WA Will Not Join VIC in Quashing Gay Convictions


After Victoria abolished the convictions of gay men for consensual same sex acts prior to the decriminalization of homosexuality, activists called on politicians nationwide to follow suit.

In January, after the bill had been introduced, OUTinPerth asked WA’s Attorney General Michael Mischin whether Western Australia had any plans to take on similar legislation. A spokesperson for the Attorney General stated that the state had no such plans.

The Attorney General’s spokespersons highlighted; “a person can apply to have an offence deemed “spent,” making it illegal for a person to be discriminated against in any way in relation to a conviction that has been “spent”.

Last week, when Victoria passed its legislation, Greens Member for the South Metropolitan Region Lynn MacLaren called on WA’s Attorney General to reconsider the matter.

“There is no doubt that legislation should be introduced in this state to remove stigma and end a chapter for older gay men in Western Australia who were unfairly punished for being gay.

“In Western Australia the LGBTI community are continuously campaigning for equality on multiple fronts. I certainly believe it is time that those once unfairly condemned for having consensual gay sex have their convictions expunged. It is fair to remove unjust convictions that promoted prejudice and hate; these men deserve a clean slate.” MacLaren said.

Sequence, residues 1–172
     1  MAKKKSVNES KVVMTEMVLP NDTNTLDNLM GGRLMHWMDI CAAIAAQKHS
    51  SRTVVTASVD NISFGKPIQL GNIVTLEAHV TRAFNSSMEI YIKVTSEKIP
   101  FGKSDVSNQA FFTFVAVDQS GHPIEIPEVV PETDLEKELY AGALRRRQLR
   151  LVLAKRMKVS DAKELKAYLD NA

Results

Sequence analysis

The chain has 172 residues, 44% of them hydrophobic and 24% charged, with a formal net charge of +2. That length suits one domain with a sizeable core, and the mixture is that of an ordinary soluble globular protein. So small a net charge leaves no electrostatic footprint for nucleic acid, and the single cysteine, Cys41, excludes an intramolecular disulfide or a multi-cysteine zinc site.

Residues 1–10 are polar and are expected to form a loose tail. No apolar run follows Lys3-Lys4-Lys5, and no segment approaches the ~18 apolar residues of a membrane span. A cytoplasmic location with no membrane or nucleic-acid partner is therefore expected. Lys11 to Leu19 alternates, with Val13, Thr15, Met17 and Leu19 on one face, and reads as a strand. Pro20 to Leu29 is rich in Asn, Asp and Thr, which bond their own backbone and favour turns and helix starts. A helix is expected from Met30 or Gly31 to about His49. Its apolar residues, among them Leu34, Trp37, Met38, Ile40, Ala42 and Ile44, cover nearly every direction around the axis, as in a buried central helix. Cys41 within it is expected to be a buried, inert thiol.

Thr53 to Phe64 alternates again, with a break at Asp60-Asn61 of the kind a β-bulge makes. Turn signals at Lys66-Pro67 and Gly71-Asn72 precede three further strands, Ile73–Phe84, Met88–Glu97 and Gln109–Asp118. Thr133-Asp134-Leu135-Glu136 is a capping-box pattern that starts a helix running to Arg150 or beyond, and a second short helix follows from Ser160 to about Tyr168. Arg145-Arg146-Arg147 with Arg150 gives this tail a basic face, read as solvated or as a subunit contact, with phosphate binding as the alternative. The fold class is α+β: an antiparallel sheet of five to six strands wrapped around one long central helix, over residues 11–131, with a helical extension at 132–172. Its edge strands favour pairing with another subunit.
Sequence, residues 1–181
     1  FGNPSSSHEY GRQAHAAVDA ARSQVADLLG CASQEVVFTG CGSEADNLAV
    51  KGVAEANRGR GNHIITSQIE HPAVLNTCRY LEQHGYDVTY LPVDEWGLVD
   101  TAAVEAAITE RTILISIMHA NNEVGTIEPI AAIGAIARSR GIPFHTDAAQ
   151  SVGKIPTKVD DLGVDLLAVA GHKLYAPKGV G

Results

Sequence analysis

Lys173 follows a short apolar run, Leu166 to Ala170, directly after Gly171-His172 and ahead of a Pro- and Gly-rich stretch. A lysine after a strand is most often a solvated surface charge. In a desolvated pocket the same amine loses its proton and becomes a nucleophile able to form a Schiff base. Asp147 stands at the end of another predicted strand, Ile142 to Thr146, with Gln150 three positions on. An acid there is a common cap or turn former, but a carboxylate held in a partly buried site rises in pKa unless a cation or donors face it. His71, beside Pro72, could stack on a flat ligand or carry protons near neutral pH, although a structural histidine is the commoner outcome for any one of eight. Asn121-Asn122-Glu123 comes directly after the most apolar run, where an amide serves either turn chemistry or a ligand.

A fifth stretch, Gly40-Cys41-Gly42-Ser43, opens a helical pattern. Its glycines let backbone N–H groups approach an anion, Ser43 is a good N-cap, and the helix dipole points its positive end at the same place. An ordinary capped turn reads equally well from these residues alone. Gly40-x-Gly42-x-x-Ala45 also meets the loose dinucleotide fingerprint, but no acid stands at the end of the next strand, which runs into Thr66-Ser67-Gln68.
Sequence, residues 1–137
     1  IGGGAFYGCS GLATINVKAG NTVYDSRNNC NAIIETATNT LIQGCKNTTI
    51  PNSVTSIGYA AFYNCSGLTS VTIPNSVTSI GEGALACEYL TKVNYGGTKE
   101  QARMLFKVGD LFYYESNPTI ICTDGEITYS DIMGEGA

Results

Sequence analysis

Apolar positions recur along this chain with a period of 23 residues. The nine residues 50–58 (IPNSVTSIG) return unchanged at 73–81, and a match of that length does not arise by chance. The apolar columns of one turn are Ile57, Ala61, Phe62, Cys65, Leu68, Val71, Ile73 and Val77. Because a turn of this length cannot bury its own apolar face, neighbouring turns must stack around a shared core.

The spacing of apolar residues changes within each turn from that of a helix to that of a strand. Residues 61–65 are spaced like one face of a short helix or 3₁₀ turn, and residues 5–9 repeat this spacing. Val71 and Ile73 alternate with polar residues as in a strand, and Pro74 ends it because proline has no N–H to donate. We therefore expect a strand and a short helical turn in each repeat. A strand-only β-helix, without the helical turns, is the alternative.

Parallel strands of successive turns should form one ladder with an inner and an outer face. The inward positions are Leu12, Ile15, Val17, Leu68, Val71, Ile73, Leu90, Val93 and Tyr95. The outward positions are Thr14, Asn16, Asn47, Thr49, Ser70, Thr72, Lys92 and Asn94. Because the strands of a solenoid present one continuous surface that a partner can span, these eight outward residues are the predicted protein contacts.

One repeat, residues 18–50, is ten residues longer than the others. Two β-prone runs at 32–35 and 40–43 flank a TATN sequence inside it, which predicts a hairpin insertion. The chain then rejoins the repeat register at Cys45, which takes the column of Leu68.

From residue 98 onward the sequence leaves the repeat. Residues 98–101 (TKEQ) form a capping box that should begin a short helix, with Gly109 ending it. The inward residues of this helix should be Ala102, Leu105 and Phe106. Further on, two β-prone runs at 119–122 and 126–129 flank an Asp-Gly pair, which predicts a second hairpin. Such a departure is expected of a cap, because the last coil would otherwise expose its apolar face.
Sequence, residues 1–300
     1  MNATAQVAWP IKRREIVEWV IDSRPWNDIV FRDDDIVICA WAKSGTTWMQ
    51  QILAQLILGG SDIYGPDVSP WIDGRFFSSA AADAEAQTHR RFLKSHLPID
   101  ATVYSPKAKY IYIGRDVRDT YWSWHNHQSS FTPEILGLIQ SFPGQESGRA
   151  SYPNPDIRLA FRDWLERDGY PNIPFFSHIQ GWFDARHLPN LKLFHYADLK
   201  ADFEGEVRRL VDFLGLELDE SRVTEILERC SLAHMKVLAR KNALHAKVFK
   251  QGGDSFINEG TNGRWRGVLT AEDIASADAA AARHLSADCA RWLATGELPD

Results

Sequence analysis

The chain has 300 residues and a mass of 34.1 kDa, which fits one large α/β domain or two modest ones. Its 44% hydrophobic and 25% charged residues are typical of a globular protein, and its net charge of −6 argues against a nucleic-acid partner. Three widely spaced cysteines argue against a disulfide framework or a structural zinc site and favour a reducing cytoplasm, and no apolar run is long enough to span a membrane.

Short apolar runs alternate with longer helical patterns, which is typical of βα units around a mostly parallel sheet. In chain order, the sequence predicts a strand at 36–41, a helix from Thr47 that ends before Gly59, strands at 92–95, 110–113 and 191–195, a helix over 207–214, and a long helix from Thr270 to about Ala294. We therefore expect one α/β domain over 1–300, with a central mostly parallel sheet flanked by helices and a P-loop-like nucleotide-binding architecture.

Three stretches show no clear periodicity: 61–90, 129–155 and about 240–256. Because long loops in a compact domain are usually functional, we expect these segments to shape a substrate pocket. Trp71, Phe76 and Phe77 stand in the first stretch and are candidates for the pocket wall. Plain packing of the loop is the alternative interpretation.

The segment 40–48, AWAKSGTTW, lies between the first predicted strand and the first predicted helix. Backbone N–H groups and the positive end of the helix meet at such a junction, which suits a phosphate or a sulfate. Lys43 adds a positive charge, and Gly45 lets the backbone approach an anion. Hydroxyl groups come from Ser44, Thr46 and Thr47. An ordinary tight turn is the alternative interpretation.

OUTinPerth contacted Attorney General Mischin’s office for comment, and he replied that legally quashing past homosexual convictions was “probably unnecessary”:

“WA has no current plans for such legislation, however under the Spent Convictions Act 1988 (WA), a person can get an offence “spent,” making it illegal for a person to be discriminated against in any way in relation to a conviction that has been “spent.”

“Blanket legislation to ‘erase’ such convictions is not practical and probably unnecessary. It was the policy in Western Australia, for many years before the decriminalisation of homosexual conduct, not to prosecute so-called homosexual offences if the parties were adults exercising informed consent. The description of the offence specified on a criminal record would not necessarily reflect the circumstances in which it was committed, and each conviction would need to be considered on a case-by-case basis to see if it were appropriate to be expunged.”

Sophie Joske

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